| "We were armed and drilled as infantry, and in campaigns served as infantry unless there were military bridges or other works to construct. In sieges we served as sappers and miners. Two companies of the regiment were equipped as pontooners, each being furnished with a train of boats mounted upon wagons made for the purpose, and these companies were drilled in the art of taking up and laying down these bridges across streams until they became experts at it." - W.W. Blackford, C.S.A.
| On Building a Road
"At daylight on Sunday morning my command moved... and arriving with axes, my men struck into the woods, felling trees as we advanced. At night we made a wide road for more than four miles good for the passage of Artillery and heavy trains. We then moved on to Dispatch Station, where I was overtaken by Col. Morgan, Chief of Staff, who informed me that the General was much pleased with the road we had made."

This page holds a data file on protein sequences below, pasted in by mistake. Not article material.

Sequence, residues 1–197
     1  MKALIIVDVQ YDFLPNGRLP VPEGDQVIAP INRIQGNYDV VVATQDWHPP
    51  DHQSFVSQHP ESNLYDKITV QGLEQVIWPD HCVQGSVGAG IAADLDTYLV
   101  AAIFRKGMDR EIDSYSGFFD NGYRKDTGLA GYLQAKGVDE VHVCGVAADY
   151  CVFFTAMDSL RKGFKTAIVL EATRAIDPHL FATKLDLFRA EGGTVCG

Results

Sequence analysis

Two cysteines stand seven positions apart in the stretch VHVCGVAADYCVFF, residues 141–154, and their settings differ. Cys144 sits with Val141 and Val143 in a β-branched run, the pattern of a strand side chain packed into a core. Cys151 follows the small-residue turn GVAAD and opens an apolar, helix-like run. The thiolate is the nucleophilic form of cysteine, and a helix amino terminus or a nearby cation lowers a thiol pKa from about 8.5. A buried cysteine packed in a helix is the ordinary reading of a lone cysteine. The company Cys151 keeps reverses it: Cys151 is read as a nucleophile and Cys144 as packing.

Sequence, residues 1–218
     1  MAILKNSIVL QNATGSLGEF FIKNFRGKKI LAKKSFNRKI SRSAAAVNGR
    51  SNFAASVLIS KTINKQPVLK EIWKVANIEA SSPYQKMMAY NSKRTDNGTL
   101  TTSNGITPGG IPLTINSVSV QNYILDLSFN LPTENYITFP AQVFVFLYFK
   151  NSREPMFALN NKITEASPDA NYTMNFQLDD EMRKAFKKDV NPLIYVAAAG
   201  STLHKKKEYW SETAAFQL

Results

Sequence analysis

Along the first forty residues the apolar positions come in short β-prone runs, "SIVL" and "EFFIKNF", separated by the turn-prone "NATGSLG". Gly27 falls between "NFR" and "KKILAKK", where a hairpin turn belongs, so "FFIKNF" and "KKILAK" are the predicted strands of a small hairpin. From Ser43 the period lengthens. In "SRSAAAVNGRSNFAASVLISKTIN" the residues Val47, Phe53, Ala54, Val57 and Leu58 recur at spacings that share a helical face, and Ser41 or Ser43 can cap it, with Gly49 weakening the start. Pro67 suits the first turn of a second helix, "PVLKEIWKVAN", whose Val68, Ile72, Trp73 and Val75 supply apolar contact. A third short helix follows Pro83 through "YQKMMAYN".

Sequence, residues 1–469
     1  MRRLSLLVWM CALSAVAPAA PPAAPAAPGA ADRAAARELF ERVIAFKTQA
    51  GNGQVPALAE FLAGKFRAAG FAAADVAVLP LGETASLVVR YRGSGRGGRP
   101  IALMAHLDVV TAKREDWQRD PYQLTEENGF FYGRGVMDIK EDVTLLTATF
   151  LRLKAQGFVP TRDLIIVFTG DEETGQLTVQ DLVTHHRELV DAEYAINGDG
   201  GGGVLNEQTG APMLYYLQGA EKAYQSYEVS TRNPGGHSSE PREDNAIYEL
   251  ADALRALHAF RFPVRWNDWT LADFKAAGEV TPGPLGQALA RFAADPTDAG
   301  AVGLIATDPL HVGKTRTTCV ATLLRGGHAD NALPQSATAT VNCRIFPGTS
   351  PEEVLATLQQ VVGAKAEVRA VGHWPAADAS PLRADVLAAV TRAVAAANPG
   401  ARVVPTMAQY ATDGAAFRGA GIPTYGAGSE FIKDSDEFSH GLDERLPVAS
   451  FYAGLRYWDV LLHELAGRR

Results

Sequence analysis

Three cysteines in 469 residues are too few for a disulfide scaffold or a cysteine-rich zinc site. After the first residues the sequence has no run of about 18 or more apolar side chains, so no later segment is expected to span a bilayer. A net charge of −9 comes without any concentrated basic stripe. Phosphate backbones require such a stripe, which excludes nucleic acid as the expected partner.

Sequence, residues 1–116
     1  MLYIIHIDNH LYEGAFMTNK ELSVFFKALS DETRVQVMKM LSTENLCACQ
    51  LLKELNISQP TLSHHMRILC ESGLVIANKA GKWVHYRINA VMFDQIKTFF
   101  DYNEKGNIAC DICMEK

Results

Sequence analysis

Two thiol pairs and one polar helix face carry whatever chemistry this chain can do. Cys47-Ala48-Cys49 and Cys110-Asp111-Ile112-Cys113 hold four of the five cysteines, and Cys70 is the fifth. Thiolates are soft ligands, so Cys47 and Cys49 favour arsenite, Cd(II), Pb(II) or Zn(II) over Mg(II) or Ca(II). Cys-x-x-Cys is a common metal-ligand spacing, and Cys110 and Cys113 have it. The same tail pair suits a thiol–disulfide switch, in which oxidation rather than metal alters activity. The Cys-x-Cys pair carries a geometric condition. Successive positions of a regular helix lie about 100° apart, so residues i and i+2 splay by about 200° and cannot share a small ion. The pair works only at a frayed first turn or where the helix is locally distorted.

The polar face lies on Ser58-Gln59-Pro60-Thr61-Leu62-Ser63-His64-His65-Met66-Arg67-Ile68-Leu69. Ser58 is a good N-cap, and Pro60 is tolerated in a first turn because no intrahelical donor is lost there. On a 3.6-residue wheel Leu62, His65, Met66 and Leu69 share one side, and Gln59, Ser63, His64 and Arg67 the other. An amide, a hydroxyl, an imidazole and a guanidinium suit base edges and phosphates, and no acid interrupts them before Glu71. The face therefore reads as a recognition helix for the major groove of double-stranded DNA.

Colonel Wesley Brainerd, 50th New York Volunteer Engineers
| "Working in the mine tunnels was anything but good duty. The tunnels were damp, hot, sweaty and often had water standing in them...In the day time the trampling of feet and other noises in the trenches, though not perceptible themselves, drowned such noise as the blow of the pick, in which only we were interested for they might come from an approach of the enemy."
W.W. Blackford, C.S.A.
|"As a sufficient pile of clay accumulated around their feet the miners would back out and allow the shovel crew to dig out and bag the clay for removal to the shaft. At first the clay was removed in sandbags. then in hand barrows and finally wheel barrows. The legs of the wheel barrows had been removed or left off to make filling them easier. Every beam, plank, piece of rope, sand bag, wheelbarrow, wrench, bucket, candles; had to be carried in, at night, by hand through the muddy zig zags of the covered ways, a distance of over a mile." - 1st Regiment Engineer Troops|
Last updated: February 26, 2015